Is that liberation? Is the 11-year-old boy who encounters hardcore pornography and thereby becomes addicted to evermore exploitative and extreme imagery — we know this from empirical psychological research that it literally rewires the young brain, and his own defective will conspires with the ready availability of prurient content to leave him addicted, and he no longer can relate to women in a normal way — is that person free? Just because government isn’t coercing him, isn’t he enthralled to a much more sinister and insidious coercion, which is the alliance of the pornographer and his own defective will?
Is it a normal society that my son, Max, for whom I wrote this book — he’s now 4 years old — statistically speaking is likely to encounter hardcore pornography before he hits puberty? Nine out of 10 do, that’s a University of New Hampshire study, and it actually goes back a decade. Prepubescents were likely to encounter pornography before hitting puberty — a decade ago. Is that a normal society? Is that a good society? Is this liberation?
A good statesman wants to make his people happy, which means that he wants to lead them to virtue.
DN: At a recent event, you asserted that a good society should make it easier to live lives of virtue. What does virtue mean to you?
SA: I go by the Aristotelian definition: Roughly speaking, virtue is the habit of doing the right thing so that a virtuous person, after a while, makes the right decisions in terms of fortitude, prudence and temperance, and does these things and enjoys them for their own sake because his nature is so habituated to virtue.
What society’s role? Every true society seeks to lead people to virtue. Aristotle tells us in the ethics that the role of every good statesman is to lead his people to virtue, ultimately because we know that a virtuous life is a happy life. It’s a life that is in accord with men and women’s rational nature. So, a good statesman wants to make his people happy, which means that he wants to lead them to virtue.
Every true society, every true civic gathering of people aims to do that, but I would argue that modernity has abandoned that account of virtue ethics, and virtue politics, and reduced freedom to the mere choice to be able to choose from among the widest range of options — unrestrained by moral authorities, unrestrained by tradition, unrestrained by concepts of virtue. The result is a society that makes it harder for men and women to live virtuously.
DN: Has modern society abandoned the pursuit of virtue because it’s too limiting? Or is there something else at work?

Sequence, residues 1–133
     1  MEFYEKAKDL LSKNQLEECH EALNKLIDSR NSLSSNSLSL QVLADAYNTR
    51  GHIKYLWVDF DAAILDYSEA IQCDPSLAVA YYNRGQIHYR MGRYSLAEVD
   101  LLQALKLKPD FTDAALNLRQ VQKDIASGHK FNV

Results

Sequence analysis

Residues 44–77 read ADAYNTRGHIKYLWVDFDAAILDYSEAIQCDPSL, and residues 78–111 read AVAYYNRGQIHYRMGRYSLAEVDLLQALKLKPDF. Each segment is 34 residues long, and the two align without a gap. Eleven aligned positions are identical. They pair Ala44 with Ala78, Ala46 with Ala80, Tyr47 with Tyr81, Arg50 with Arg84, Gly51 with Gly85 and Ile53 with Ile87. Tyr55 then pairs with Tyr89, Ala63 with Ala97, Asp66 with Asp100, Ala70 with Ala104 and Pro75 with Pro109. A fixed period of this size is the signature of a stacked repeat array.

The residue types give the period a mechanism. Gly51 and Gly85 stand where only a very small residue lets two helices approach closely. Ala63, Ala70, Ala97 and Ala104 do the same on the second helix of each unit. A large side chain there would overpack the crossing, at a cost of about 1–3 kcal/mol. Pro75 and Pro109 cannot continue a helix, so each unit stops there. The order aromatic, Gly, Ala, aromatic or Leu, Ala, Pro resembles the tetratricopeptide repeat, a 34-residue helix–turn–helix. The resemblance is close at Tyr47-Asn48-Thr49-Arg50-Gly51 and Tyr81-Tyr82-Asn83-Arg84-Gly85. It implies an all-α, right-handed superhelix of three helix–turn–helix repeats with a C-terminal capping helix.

SA: The root of the issue has to do with an incorrect account of freedom. The pre-modern traditions, broadly speaking — our Judeo-Christian heritage, our classical Greco-Roman heritage, and many other societies around the world that don’t fit into the kind of Western matrix at all, such as the Confucian tradition — all of these traditions define freedom as being able to master yourself, to govern yourself: You are free from your own appetites, you are free from your own baser nature. You’re detached from these things and therefore, not only can no tyrant ultimately sway you this way or that through his tyranny, but you yourself are free from your own interior tyranny.
That was the pre-modern account of freedom, and both the Christian and the classical accounts really kind of meshed together in the church’s moral teaching. The modern account of freedom, as I said, is just about being able to choose, so that there’s no difference about whether you choose for good or you choose for evil. You can choose divorce, or you can choose to get married. You can choose to worship God, or you can choose to blaspheme. Modernity doesn’t care; it just wants you to be unrestrained.
Modernity doesn’t care; it just wants you to be unrestrained.
Paradoxically, what that results in are people who are much more likely to be slaves to their passions, as we see all around us. At a social and economic level, it empowers private actors to wield tremendous tyrannies over ordinary people, like large Big Tech corporations, for example. We’ve liberated them to do as they please, but we’re not freer for that. We’ve, created liberty for market actors, for corporations, but that doesn’t necessarily mean freedom for the family, freedom for the worker, freedom for the ordinary human beings.
DN: We live, as you point out, in a very legalistic society that has, by and large, abandoned some of these time-honored traditions. Do you see that changing anytime soon?
SA: I do see things changing in the long term, and I would say that everyone senses that something has gone wrong with the West — that we’re unhappy, that we were promised liberation but find ourselves unfree in various ways, hemmed in by our own appetites, hemmed in by large corporate actors, hemmed in essentially by private tyrannies of various sorts.
We feel it. And I think with that realization, that sense where we can look around and honestly assess ourselves, there will be an opening for political actors like me to propose an alternative. I’m met with tremendous disagreement, believe me. But there’s no other choice.
You have gratitude for the society you live in. You want to restore its faith, and from my point of view, it’s very personal. This is the only country I have, and I have a son and a daughter, and I want them to grow up in an environment, let alone that they should be like saints, but for them to at least be able to live ordinary lives of virtue.
Right now, my children are likely to inherit my elite status — they’re going to probably go to elite schools and find good jobs or whatever — but I’m worried that they won’t be able to live lives of moral purpose. So I have to act.
I can propose tradition, as I attempt to do, as an alternative. And, I encounter lots of young people who are, to put it bluntly, conservative Christians — conservative isn’t even the right word because they don’t necessarily want to conserve so much that’s broken in our society; in many cases, they see it as a work of uprooting — who are keen to change things. I see them, and I have great hope in the power of small, determined young elites.
Every great change has been driven by intelligent young elites. And so I don’t worry when people tell me, “Oh, the culture isn’t with you.” The culture sways this and that. It’s the rising young elites that matter, and when I look at the next generation of Christian elites, it gives me hope.